Sure, you can’t will yourself out of a cold, but emotions and disease are more intricately connected than we’ve been led to believe.
Nestled at the top of a low mount, overlooking the wide-armed ocean, lay the remains of the Asclepion; an ancient sanctuary, dedicated to the Greek god of healing, Asclepius. Pilgrims would travel to the Asclepion from afar seeking respite for all sorts of ailments.
Physician and priest would work together to ease the burdens of disease. Therapies would include water from the natural spring, a bath, a trip to the gymnasium, a clean diet, herbs, surgeries, teas, dream interpretation, and activities to calm the mind such as prayer, music and sleep. The ancient Greeks believed intuitively, some might argue ignorantly, that the mind and body were intimately connected.
Hippocrates, who’s attributed the title “father of medicine” and whose legacy has largely endured through the Hippocratic Oath often employed by medical schools today, was born on the island of Kos around 460 BC. He is said to have received his medical training here at the Asclepion.
Hippocrates was a thought-leader. He attributed disease to natural, real causes, disentangled from deities and superstition. He also believed that health lay in a balance and promoted a person-centric approach to healing.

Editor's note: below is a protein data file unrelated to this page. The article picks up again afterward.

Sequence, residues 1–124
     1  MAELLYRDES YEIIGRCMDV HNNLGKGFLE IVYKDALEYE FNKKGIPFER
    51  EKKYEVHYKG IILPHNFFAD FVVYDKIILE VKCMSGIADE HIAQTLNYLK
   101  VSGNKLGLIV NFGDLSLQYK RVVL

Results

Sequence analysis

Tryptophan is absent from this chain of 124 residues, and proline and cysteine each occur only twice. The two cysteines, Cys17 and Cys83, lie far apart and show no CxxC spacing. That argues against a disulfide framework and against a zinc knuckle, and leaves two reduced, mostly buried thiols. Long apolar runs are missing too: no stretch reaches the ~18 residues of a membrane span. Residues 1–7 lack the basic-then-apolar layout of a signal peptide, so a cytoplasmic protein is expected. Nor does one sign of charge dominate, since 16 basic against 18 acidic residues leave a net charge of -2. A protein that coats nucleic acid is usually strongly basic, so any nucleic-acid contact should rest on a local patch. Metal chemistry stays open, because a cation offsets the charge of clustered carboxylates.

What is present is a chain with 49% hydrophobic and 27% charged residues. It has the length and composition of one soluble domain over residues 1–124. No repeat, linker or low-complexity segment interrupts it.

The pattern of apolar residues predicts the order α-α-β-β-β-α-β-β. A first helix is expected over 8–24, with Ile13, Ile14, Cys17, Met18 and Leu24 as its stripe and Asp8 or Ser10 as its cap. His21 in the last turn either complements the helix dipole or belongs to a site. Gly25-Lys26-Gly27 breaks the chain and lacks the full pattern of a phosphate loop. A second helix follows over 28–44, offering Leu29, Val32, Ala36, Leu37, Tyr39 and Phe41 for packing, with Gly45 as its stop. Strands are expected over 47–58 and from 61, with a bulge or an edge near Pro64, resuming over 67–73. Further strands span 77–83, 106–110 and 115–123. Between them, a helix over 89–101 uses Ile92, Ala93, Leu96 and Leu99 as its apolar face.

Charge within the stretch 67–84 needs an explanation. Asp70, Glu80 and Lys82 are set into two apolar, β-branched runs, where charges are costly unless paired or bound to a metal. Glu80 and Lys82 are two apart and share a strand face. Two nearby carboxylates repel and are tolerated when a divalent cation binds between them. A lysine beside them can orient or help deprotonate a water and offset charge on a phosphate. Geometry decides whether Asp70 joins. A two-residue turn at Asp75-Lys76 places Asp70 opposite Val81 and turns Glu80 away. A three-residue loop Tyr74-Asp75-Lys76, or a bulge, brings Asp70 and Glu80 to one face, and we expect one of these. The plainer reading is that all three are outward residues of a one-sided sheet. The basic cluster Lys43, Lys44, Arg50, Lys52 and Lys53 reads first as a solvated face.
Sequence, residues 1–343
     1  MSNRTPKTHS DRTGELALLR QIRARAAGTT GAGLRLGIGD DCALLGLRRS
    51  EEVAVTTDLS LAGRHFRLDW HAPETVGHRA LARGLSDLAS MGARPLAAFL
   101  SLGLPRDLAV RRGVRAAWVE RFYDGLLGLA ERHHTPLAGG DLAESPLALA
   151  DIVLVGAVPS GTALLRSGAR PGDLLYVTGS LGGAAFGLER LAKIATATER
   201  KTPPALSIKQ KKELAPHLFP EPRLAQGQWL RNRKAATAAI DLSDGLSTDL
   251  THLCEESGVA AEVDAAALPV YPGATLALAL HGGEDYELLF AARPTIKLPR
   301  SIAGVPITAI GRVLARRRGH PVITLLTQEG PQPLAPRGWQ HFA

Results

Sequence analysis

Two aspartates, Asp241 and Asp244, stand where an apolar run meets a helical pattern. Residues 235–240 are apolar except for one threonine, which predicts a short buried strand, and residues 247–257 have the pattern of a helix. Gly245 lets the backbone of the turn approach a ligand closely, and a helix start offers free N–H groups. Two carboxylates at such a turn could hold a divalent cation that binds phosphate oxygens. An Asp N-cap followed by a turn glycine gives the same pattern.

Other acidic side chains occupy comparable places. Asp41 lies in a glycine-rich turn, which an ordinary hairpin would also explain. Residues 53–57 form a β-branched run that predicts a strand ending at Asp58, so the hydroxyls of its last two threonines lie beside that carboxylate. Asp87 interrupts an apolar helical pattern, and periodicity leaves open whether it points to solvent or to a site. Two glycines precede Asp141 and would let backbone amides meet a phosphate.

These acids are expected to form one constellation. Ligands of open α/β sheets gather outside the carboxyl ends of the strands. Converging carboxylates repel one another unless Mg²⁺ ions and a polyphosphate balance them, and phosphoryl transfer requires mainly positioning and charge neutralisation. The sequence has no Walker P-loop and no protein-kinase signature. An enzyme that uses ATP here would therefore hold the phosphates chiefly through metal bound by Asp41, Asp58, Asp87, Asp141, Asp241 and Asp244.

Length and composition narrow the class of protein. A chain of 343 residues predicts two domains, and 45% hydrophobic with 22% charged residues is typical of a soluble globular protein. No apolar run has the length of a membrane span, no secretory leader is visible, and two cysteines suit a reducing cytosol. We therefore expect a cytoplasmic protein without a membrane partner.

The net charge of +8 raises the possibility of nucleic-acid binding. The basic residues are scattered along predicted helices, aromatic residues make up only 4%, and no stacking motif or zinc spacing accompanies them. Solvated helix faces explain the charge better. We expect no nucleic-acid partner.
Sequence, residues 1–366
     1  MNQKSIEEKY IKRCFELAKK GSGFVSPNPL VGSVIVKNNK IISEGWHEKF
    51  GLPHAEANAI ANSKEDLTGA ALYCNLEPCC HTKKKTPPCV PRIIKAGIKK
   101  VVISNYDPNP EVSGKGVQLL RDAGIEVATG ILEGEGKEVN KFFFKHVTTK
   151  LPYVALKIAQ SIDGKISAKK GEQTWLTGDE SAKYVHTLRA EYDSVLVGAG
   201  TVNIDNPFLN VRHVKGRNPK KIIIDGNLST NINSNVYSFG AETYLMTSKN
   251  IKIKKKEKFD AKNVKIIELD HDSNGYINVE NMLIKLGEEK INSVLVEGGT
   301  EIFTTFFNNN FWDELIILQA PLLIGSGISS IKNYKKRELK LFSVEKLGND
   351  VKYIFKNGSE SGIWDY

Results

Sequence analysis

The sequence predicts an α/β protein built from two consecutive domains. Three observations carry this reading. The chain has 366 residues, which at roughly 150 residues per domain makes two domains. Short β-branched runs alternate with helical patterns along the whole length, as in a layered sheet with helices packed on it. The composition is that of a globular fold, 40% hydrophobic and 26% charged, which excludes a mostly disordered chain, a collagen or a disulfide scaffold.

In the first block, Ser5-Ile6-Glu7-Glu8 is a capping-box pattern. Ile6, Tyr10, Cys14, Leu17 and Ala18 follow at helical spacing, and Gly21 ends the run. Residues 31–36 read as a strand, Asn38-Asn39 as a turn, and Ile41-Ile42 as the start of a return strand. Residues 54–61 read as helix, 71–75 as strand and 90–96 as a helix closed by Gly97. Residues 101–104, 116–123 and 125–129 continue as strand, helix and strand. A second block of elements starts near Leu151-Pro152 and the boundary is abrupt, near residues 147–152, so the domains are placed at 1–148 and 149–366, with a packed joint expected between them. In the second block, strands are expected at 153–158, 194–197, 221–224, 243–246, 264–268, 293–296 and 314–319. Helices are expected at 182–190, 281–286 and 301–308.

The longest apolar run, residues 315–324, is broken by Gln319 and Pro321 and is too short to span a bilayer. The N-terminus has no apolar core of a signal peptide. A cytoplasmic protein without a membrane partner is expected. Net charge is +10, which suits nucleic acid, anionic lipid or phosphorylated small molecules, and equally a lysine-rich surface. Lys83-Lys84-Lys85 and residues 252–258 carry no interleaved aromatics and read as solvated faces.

Whilst progressive and honourable for his time, some of Hippocrates practices were notably antiquated. A treatise, The Nature of Man, accredited to Hippocrates’s son-in-law Polybus, recounts the concept of humorism.
The human body contains blood, phlegm, yellow bile and black bile. These are the things that make up its constitution and cause its pains and health. Health is primarily that state in which these constituent substances are in the correct proportion to each other, both in strength and quantity, and are well mixed.
The theory of the four humors – blood, phlegm, yellow and black bile – became a popular medical system for understanding the human body, medical treatment and a person’s temperament. The theory explained disease as an imbalance that was inextricably linked with emotional state. For example, a person who was melancholic, depressed, had excessive black bile and was treated accordingly.
When all of these elements are truly balanced and mingled, he feels the most perfect health. Illness occurs when one of these qualities is in excess or is lessened in amount or is entirely thrown out of the body.
On the Constitution of Man. The Four Humours, Part IV.
Medical treatment focused on balancing the four humors. As such, humorism brought with it the ‘curative’ practice of bloodletting. Initially designed to assist the body to re-establish balance or homeostasis, bloodletting became a popular – potentially dangerous – medical treatment up until the 19th century.
Overtime, critics of such antiquated practices amassed and with the advent of anatomical dissection, pathology and the microscope, the concept of emotions and their relationship to disease understandably fell into the domain of irrational and magical thinking. “If you couldn’t see it or quantify it, it wasn’t real” became the enduring, unspoken dogma of medical science.